‘There are no happy endings’: An in-depth look at the turmoil in Iraq

The Middle East is on fire. Israel and Hamas continue to trade rocket fire, while ISIS is on the march in Iraq. With a caliphate officially declared and a leader named, Glenn explained on Wednesday’s Glenn Beck Program that he believes the coming weeks and months will see a further devolution of the situation that ignites a Sunni-Shia war. That war will stretch from Pakistan all the way to Spain, and the implications will be global.

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“There are no happy endings,” Glenn said somberly.

When you consider the bloodshed and sacrifice the United States has already endured in the region, it is troubling to think it could all be for nought. How can we possibly sit by and watch our sacrifice “get flushed down the toilet”? At the same time, how can we possibly believe another dollar or another life can solve this problem.

As he has discussed before, Glenn believes it is time for the American people to come together and courageously declare: Not one more. No more money. No more bloodshed.

“Non-interventionist is not only best course of action but the only course of action,” Glenn said.

Instead, it is time to chart a new course, and Glenn said he is willing to give anyone who has a solution as to how best to deal with this turmoil a platform from which to share those ideas.

Later in the program, TheBlaze’s national security editor Buck Sexton was joined by American Enterprise Institute scholar Michael Rubin to war-game the possible outcomes in Iraq and the Middle East more generally.

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In this Red Cell: Iraq, Buck and Rubin looked at five possible scenarios and the regional and global implications of each. For those unfamiliar with the term, a Red Cell is a wargaming exercise that looks specifically at high-impact, low-probability scenarios – things that could happen and, if they did happen, would really make a big impact.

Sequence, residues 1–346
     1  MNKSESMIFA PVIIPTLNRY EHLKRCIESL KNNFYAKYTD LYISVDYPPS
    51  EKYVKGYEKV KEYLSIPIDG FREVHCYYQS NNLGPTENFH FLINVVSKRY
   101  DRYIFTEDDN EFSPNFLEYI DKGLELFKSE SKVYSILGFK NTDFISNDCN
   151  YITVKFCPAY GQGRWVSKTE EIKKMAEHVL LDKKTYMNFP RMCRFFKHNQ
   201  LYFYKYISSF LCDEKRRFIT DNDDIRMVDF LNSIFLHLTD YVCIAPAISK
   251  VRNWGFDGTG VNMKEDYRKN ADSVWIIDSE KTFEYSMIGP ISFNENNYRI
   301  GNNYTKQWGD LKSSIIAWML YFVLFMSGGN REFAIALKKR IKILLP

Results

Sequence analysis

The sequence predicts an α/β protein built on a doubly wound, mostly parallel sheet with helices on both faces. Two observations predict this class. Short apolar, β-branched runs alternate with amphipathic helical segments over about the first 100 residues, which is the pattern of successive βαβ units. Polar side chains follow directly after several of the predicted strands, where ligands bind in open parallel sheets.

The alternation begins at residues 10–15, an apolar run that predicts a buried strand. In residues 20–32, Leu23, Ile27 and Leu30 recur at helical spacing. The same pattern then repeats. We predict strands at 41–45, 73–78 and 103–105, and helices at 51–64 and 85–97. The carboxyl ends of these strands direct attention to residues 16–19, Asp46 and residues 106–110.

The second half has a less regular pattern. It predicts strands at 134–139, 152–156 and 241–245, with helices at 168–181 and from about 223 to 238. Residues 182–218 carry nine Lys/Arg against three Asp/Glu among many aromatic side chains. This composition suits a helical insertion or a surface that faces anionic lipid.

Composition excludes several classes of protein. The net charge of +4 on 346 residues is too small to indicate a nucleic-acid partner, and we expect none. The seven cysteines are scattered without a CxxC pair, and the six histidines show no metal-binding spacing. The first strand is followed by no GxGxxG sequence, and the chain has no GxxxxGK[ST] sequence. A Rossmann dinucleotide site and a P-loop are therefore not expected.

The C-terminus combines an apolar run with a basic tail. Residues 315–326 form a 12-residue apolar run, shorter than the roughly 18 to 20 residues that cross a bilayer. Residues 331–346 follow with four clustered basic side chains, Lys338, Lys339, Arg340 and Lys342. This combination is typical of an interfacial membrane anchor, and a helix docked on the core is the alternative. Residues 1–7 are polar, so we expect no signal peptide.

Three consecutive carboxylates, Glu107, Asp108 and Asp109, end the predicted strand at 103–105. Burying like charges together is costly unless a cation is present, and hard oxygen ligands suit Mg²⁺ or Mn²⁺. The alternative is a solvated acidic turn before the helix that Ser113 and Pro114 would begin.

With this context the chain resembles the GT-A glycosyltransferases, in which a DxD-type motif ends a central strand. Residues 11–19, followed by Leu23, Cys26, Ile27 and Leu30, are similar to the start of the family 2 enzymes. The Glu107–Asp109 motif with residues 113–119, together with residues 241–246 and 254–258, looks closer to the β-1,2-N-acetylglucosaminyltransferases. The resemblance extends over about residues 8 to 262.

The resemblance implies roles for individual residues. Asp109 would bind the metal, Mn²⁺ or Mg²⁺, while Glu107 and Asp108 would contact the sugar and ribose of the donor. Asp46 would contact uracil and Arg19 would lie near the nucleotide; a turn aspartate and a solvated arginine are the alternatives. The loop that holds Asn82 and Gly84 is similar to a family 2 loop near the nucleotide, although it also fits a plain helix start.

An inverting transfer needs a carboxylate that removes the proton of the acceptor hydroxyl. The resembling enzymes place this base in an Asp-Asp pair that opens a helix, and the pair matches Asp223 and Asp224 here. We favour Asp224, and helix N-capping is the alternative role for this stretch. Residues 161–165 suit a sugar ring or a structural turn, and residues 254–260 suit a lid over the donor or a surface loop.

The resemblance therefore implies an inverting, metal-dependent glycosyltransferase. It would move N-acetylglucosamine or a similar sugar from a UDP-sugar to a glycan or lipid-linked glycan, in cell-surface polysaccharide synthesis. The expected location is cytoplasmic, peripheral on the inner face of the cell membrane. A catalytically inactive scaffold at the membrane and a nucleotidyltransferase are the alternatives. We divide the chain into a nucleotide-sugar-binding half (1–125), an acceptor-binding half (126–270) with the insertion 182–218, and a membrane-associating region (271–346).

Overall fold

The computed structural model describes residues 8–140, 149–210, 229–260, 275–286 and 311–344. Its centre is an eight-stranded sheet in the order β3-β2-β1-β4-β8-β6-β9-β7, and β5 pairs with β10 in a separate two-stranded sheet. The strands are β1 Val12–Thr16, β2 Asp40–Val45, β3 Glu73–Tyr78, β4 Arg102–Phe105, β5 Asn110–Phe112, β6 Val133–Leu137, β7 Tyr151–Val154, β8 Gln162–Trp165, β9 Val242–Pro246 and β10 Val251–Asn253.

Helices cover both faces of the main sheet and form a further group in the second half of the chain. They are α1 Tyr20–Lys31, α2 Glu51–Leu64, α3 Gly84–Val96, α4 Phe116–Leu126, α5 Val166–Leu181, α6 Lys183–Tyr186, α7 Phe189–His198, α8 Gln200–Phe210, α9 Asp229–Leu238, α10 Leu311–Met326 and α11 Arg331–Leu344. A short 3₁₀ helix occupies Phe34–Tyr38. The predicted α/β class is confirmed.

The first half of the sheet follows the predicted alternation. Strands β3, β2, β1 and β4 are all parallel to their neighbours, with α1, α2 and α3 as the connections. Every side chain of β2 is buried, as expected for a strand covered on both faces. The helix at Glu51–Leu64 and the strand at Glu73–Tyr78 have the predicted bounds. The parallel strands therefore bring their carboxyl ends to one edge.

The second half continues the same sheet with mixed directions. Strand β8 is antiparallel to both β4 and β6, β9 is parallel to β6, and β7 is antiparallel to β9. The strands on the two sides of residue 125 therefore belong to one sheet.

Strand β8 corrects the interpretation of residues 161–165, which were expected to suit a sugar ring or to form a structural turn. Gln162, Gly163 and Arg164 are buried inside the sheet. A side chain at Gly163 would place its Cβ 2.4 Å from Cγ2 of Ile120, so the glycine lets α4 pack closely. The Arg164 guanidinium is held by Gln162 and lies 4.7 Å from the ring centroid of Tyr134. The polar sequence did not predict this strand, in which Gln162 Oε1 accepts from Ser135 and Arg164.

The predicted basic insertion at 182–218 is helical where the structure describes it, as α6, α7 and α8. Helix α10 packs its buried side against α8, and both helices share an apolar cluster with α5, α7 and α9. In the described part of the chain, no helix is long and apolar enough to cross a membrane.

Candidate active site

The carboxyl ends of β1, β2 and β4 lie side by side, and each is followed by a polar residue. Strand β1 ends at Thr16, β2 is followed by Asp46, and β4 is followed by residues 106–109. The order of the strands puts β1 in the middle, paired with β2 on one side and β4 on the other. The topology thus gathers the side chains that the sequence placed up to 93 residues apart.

Below are the five possible outcomes that were discussed:

1. Baghdad falls to ISIS

Both Rubin and Buck agreed this is the worst-case scenario for both the Middle East and the West. Iran would inevitably get involved, and the entire region would, as Rubin described, be set “alight.”

2. ISIS sets up training camps and government apparatus

While the caliphate has been declared, it is not a formal state. ISIS has, however, already begun distributing passports and other documentation to residents of the Syrian and Iraqi regions under its control. Rubin believes further formalization will only increase the likelihood of a terrorist attack in the West, for the root of terrorist activity is not born of oppression but an unmitigated desire for conformity.

3. ISIS conducts external terror attack against the West

Despite the United States’ weariness of  war – especially another war in the Middle East – a terrorist attack on U.S. soil would undoubtedly lead to military intervention because the terrorists can more easily metastasize when the western forces are not in their way. As Rubin explained, without troops on the ground, there is much less actionable intelligence available.

4. Jordan falls

ISIS is already on Jordanian borders, and should the monarchy fall, the balance of power in the Middle East will be fundamentally redrawn in a way the world has not seen since World War II. Rubin believes that if Jordan fall, not only will Israel lose one of the few buffers it enjoys, but Saudi Arabia will likely face a similar threat.

5. Emergence of Kurdish state

The emergence of a Kurdish state in Iraq may very well be the best scenario for the West. While the Turks typically oppose Kurdish statehood – for fear their own Kurd population will revolt – the country has given its blessing (to some extent) to the Iraqi Kurds. Iran, however, will not be as welcoming of such a state. The Iranians have condemned and will continue to condemn such statehood for the minority group for reasons similar to Turkey.